Does Romney/Ryan's Sense of Mission Outweigh Ambition?
A few days ago in the Wall Street Journal, Fred Barnes wrote of Paul Ryan:
What particularly upsets opponents is Mr. Ryan's image. "The disarming thing is his sense of mission is greater than his sense of ambition," says Ryan adviser David Smick, a Washington economic consultant. "This is disconcerting to his critics."
I couldn't help but think of that when I read in Politico Playbook about a magazine article that will be released on Monday. Written by Jon Ward of the Huffington Post, a very good reporter, the article suggests the Romney campaign might be thinking of an interesting gambit:
ARTICLE OF THE DAY -- JON WARD in Huffington magazine (available today on iPad; article posts Monday), “The One-Termer? Thinking Bold Thoughts With Team Romney”: “Matt Rhoades is guarded and intense … [W]hen I met him in mid-July, in a bohemian coffee shop in Boston’s North End, the 37-year-old manager of Mitt Romney’s campaign was hesitant to speculate about what the Republican candidate would do as president, and how. … But when I asked Rhoades … what Romney might do with the budget and entitlement reform plans Ryan had already outlined, Rhoades’ eyes lit up. He gave me a name: James Polk. … Rhoades and the rest of the members of Romney’s inner circle think a Romney presidency could look much like the White House tenure of the 11th U.S. president.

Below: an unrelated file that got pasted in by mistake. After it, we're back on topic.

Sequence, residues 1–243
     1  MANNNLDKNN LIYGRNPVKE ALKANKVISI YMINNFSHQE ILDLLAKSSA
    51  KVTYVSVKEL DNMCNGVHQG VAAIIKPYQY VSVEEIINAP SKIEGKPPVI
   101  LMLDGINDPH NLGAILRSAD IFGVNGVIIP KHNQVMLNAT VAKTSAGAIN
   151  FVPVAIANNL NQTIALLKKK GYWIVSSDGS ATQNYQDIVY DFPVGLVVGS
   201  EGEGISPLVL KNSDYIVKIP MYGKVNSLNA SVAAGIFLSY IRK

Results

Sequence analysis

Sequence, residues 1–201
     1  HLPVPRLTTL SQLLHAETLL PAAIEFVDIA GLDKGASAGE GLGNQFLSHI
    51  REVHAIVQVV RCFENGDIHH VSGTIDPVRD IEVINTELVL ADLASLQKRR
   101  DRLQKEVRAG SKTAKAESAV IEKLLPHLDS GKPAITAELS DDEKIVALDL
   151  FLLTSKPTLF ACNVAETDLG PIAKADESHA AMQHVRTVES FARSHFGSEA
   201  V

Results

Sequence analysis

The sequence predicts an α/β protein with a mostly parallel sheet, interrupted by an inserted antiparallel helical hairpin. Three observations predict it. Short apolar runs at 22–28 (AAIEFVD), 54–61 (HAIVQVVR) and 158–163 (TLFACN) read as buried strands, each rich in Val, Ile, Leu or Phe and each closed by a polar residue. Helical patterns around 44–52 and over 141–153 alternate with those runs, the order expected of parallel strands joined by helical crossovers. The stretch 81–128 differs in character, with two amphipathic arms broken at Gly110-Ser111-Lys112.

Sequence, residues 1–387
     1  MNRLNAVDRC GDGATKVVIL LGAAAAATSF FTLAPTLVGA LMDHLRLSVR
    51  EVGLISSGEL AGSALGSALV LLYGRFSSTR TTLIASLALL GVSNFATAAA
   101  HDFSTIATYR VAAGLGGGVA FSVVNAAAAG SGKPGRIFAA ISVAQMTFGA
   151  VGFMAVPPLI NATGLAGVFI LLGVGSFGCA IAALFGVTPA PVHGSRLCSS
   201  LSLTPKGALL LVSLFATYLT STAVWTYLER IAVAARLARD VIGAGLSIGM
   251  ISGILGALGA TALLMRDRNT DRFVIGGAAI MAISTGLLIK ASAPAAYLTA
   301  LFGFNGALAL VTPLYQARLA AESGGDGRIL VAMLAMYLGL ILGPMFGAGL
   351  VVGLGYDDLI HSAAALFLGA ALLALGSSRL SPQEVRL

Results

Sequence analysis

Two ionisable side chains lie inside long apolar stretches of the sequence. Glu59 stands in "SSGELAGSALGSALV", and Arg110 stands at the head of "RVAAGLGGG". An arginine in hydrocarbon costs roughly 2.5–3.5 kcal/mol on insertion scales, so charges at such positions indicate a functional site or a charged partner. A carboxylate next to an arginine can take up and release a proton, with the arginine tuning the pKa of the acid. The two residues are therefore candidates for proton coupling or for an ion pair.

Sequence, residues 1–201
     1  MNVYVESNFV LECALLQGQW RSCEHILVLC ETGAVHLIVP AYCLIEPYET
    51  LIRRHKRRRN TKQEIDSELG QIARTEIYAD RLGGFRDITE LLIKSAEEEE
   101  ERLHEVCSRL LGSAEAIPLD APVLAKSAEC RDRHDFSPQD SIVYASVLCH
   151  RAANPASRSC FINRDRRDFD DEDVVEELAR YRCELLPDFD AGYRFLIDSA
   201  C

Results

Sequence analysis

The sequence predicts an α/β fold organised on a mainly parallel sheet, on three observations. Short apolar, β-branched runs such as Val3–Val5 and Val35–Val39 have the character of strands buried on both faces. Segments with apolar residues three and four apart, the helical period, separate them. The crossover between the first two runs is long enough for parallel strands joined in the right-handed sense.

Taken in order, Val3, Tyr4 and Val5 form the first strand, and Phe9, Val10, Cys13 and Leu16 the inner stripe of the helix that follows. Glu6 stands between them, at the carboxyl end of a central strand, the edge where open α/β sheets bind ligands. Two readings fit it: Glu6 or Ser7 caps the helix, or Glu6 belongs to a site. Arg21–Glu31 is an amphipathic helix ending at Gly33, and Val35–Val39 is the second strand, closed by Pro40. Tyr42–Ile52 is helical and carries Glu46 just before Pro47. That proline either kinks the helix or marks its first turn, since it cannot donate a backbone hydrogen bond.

“Polk, who served from 1845 to 1849, presided over the expansion of the U.S. into a coast-to-coast nation, annexing Texas and winning the Mexican-American war for territories that also included New Mexico and California. He reduced trade barriers and strengthened the Treasury system. And he was a one-term president. Polk is an allegory for Rhoades: He did great things, and then exited the scene, and few remember him. That, Rhoades suggested, could be Romney’s legacy as well. … Multiple senior Romney advisers assured me that they had had conversations with the candidate in which he conveyed a depth of conviction about the need to try to enact something like Ryan’s controversial budget and entitlement reforms. Romney, they said, was willing to count the cost politically in order to achieve it.”
I have no idea if this read on Romney is right, but I do like how it speaks to the depth of seriousness he has indicated in recent weeks.
I see no need to proclaim at the outset that this will be a one-term proposition (Didn't Ramesh Ponnuru advise Sen. John McCain to promise to leave after one-term?) but what do you think?
I'm so out of the mainstream of voters, of course, that I view the need for entitlement reforms as a function of math and logic rather than controversy.